About this recipe
Beet borscht, one of my Grandmother’s signature dishes, came straight from her Russian roots into my father’s heart. He loved the stuff. So, when the weather got chilly, my Grandmother went into borscht overdrive. She always made the soup in her own kitchen, and always alone. The recipe seemed to be shrouded in secrecy. Even my father, who was a pretty good cook and a quick culinary study, couldn’t figure it out.
One day, my father finally sat his mother down to crack the borscht code. After some lengthy interpretation and negotiations, my father wrestled a recipe out of her, which was eventually handed down to me.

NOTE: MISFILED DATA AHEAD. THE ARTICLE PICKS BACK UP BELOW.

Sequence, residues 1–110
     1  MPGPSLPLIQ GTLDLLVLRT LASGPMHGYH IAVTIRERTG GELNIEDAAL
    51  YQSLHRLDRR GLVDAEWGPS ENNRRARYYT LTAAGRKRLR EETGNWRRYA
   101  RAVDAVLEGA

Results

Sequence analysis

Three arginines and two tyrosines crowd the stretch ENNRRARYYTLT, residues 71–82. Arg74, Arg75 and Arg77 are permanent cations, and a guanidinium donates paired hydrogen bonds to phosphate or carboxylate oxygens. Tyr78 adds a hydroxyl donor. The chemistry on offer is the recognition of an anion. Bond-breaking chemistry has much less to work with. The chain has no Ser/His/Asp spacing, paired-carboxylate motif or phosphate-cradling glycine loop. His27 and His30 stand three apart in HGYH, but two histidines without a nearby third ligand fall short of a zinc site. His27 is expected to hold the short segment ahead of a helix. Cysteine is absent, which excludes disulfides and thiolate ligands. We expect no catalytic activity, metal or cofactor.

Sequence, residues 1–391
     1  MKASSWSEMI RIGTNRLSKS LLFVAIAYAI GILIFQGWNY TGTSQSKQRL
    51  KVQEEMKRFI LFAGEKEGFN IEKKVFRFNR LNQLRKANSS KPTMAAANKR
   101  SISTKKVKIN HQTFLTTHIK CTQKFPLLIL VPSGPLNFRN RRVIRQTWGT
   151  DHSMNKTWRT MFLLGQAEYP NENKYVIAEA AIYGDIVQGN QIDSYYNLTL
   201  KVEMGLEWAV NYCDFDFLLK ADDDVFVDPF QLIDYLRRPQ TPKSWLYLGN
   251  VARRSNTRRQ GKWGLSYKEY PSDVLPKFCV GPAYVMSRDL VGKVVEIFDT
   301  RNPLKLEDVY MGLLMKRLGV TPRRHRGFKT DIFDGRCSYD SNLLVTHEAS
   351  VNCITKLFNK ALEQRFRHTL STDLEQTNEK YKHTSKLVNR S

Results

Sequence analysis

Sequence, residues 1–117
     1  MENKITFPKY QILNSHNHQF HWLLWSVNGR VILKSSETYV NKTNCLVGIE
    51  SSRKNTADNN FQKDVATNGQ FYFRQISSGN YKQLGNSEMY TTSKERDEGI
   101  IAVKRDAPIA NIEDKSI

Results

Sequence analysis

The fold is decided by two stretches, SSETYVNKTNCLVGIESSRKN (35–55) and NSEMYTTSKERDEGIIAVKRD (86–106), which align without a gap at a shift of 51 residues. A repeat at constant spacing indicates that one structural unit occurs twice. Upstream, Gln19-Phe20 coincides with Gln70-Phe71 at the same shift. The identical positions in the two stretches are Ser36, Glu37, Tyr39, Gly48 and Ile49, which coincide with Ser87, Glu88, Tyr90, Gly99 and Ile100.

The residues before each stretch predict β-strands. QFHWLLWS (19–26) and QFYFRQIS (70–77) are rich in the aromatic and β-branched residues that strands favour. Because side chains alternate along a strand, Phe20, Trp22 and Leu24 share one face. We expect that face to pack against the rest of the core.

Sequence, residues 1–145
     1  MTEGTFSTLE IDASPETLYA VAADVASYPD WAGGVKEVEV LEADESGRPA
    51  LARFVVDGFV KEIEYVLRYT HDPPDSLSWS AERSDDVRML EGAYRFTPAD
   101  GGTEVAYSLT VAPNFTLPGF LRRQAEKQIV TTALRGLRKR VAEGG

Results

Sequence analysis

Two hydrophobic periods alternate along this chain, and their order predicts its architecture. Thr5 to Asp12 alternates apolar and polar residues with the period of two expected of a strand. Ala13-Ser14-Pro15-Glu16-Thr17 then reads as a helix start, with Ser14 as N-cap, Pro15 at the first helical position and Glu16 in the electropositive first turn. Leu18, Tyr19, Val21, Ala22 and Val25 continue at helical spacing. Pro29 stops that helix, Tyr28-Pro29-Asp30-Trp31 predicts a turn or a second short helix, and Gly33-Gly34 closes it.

I’ve been toting around the recipe, with reverence, for about two decades. With Iowa’s beet bounty in hand, I finally mustered up enough courage to try it. Things didn’t go so well however. I had some problems reading the recipe off the scrappy paper, finding the right cut of meat, and getting the lima beans prepped. Nor am I not sure that my Grandmother wasn’t tricking my father when revealing the proportions. But the beets were fresh and flavorful, and brought my Russian heritage a little bit closer to my current Iowan life.